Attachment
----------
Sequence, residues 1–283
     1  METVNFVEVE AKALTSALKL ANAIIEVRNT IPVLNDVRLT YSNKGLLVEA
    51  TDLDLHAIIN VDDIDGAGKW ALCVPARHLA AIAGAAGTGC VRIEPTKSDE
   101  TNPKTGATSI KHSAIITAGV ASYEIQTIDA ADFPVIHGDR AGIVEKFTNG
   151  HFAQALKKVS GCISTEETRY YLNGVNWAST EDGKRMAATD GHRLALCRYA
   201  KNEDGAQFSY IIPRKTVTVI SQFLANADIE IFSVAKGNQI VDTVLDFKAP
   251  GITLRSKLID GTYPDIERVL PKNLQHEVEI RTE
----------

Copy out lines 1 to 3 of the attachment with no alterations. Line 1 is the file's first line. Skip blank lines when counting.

Sequence, residues 1–283
     1  METVNFVEVE AKALTSALKL ANAIIEVRNT IPVLNDVRLT YSNKGLLVEA
    51  TDLDLHAIIN VDDIDGAGKW ALCVPARHLA AIAGAAGTGC VRIEPTKSDE